Yes, basically flood the affected area of skin and eyes with copious amounts of water and keep it flowing until the emergency services take over. Getting water to flow over the eye area may be difficult but very necessary. Someone in pain may well be struggling and very distressed, so try to calm him or her whilst keeping up the flow of water. Obviously, clean water is better, but some is better than none. stanfordsteve
  • Score: 3

1:54pm Thu 10 Apr 14

getThisCoalitionOut says...

It's horrific that this type of crime is happening in the UK and quite shameful. What on earth would make someone even consider doing this to another person?
It's horrific that this type of crime is happening in the UK and quite shameful. What on earth would make someone even consider doing this to another person? getThisCoalitionOut
  • Score: 5

12:01am Fri 11 Apr 14

Rita Snatch says...

It doesn't matter what the fluid is when you treat someone with chemical/acid burns IN A FIRST AID SITUATION ... as long as it is fluid which won't cause any additional problems and is not hot. With acid the aim is to dilute quickly and prevent any diluted acid getting into the eyes, ears, nose, mouth. Pour over the area so that it flows away from undamaged areas. If the eyes HAVE been affected then you pour copious amounts of cool/cold fluid into and over the eye - making sure that it doesn't flow into the other unaffected eye..

Fluids suitable in a FIRST AID situation could be:-
Pints of beer, coca cola, lemonade, cold tea, cold coffee, pints of milk, seawater.... The best thing to use is obviously cold tap water, but chemical/acid/alkali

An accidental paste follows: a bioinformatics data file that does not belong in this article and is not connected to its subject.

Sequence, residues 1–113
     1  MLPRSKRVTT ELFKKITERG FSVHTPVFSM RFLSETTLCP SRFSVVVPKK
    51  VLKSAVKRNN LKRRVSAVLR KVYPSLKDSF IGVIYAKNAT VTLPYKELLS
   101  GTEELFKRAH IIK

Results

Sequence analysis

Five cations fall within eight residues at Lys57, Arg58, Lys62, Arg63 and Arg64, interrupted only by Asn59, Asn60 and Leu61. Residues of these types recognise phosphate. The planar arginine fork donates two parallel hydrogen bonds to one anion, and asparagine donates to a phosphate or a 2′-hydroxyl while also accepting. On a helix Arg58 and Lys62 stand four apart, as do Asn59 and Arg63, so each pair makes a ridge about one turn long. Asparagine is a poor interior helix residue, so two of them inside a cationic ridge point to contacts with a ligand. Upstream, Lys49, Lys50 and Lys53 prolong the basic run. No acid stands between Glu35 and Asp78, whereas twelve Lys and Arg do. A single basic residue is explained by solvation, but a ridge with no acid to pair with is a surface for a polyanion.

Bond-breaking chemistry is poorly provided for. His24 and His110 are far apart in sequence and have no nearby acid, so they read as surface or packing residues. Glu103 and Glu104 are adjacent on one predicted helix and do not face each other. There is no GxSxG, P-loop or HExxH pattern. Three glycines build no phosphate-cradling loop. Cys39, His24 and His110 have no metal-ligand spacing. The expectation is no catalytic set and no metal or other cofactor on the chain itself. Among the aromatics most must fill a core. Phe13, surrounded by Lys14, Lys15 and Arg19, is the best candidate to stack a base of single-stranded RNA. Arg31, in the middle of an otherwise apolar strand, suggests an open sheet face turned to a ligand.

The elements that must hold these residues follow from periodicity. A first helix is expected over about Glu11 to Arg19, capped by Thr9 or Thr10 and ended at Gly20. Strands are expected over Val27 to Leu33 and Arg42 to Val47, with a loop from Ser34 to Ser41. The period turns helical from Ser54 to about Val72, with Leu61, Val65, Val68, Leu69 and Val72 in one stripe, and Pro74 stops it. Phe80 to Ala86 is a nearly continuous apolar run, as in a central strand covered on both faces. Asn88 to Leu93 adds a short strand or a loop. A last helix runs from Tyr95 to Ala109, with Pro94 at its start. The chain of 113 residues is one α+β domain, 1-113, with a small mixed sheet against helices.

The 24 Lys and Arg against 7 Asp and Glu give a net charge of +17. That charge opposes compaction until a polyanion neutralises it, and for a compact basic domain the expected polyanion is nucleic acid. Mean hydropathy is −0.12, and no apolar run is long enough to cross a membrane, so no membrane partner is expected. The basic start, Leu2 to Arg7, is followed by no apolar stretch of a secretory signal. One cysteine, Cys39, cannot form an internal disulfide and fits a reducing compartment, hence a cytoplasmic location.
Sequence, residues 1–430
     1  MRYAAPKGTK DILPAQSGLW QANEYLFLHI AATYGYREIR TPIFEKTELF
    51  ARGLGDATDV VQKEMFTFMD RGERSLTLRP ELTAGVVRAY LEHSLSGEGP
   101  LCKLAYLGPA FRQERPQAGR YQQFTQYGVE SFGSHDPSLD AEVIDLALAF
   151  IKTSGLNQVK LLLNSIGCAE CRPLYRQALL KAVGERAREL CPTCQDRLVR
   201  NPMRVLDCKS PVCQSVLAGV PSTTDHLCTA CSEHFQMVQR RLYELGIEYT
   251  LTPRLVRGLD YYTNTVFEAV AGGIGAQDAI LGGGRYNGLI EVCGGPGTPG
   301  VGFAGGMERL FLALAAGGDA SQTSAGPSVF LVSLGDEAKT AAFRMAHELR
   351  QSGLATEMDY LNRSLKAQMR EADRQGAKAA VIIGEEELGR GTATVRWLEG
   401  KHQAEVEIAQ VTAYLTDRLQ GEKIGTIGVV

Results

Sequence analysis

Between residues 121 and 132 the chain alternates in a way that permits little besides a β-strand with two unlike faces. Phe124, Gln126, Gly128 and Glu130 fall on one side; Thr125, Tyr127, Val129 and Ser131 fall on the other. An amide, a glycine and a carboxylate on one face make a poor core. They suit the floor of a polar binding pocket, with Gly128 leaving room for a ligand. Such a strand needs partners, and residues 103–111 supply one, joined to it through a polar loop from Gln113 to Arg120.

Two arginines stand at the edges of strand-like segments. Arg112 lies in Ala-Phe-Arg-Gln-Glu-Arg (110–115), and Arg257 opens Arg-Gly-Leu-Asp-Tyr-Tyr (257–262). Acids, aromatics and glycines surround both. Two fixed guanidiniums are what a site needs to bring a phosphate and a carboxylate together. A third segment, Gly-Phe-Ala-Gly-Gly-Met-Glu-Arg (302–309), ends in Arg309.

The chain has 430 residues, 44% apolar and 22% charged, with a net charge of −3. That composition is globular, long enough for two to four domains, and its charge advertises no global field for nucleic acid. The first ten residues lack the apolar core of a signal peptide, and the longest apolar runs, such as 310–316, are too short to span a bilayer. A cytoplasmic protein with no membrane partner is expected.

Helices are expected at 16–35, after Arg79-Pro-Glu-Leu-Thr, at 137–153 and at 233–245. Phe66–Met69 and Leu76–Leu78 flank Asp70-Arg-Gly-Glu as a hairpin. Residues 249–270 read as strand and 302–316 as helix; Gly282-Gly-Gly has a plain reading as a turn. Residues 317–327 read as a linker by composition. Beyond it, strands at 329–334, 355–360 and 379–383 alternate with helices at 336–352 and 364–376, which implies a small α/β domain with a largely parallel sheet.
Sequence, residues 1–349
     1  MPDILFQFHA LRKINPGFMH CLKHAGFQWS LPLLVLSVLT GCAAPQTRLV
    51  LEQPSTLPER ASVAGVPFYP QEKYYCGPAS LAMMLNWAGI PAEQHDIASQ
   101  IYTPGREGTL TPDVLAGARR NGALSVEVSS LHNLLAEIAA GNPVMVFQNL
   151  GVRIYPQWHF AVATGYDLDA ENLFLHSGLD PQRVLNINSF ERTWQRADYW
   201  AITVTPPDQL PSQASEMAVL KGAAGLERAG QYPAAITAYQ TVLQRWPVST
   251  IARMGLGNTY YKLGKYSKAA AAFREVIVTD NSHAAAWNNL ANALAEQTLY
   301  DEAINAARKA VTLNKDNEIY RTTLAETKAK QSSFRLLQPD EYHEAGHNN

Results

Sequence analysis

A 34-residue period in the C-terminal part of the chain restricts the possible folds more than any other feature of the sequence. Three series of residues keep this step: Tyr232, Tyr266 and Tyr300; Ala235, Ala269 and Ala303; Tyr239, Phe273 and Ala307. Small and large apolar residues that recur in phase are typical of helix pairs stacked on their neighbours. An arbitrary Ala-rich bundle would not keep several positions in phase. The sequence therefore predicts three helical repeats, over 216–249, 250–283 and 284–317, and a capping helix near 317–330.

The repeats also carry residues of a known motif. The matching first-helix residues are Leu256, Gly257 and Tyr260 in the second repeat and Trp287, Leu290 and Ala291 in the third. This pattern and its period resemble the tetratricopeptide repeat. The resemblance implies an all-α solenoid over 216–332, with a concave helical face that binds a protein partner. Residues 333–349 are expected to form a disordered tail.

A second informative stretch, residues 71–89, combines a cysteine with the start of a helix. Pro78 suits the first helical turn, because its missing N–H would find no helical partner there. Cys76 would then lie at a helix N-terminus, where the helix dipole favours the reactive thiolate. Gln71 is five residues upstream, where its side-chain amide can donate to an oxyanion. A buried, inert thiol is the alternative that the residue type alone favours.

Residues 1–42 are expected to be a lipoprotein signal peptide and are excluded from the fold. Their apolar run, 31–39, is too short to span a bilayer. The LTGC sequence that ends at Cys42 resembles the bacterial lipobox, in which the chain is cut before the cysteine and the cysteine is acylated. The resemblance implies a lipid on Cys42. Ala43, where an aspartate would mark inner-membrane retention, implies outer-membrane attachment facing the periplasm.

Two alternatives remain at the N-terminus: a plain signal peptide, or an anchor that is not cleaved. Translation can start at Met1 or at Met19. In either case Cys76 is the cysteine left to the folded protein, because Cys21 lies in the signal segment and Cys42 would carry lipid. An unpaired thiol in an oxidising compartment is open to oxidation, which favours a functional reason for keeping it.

ne burns can occur anywhere and not always conveniently close to a cold water tap with a cup or bowl handy.

Use clean cold water as soon as it is available - if you have used other liquids in an emergency.

Any CLOTHING soaked in chemicals/acids/alka
line substances MUST NEVER BE REMOVED - because you will SPREAD the toxic substance to other unaffected parts of the body. Soak the clothing and therefore dilute the substance so that it doesn't spread the toxic substance and create worse injuries. Also remember that removing the clothing will also make your hands touch the acid etc and cause injuries to yourself (with life-changing scarring occurring).

It doesn't matter what the fluid is when you treat someone with chemical/acid burns IN A FIRST AID SITUATION ... as long as it is fluid which won't cause any additional problems and is not hot. With acid the aim is to dilute quickly and prevent any diluted acid getting into the eyes, ears, nose, mouth. Pour over the area so that it flows away from undamaged areas. If the eyes HAVE been affected then you pour copious amounts of cool/cold fluid into and over the eye - making sure that it doesn't flow into the other unaffected eye.. Fluids suitable in a FIRST AID situation could be:- Pints of beer, coca cola, lemonade, cold tea, cold coffee, pints of milk, seawater.... The best thing to use is obviously cold tap water, but chemical/acid/alkali ne burns can occur anywhere and not always conveniently close to a cold water tap with a cup or bowl handy. Use clean cold water as soon as it is available - if you have used other liquids in an emergency. Any CLOTHING soaked in chemicals/acids/alka line substances MUST NEVER BE REMOVED - because you will SPREAD the toxic substance to other unaffected parts of the body. Soak the clothing and therefore dilute the substance so that it doesn't spread the toxic substance and create worse injuries. Also remember that removing the clothing will also make your hands touch the acid etc and cause injuries to yourself (with life-changing scarring occurring). [Written as a life long Nurse and First Aid specialist] Rita Snatch
  • Score: 2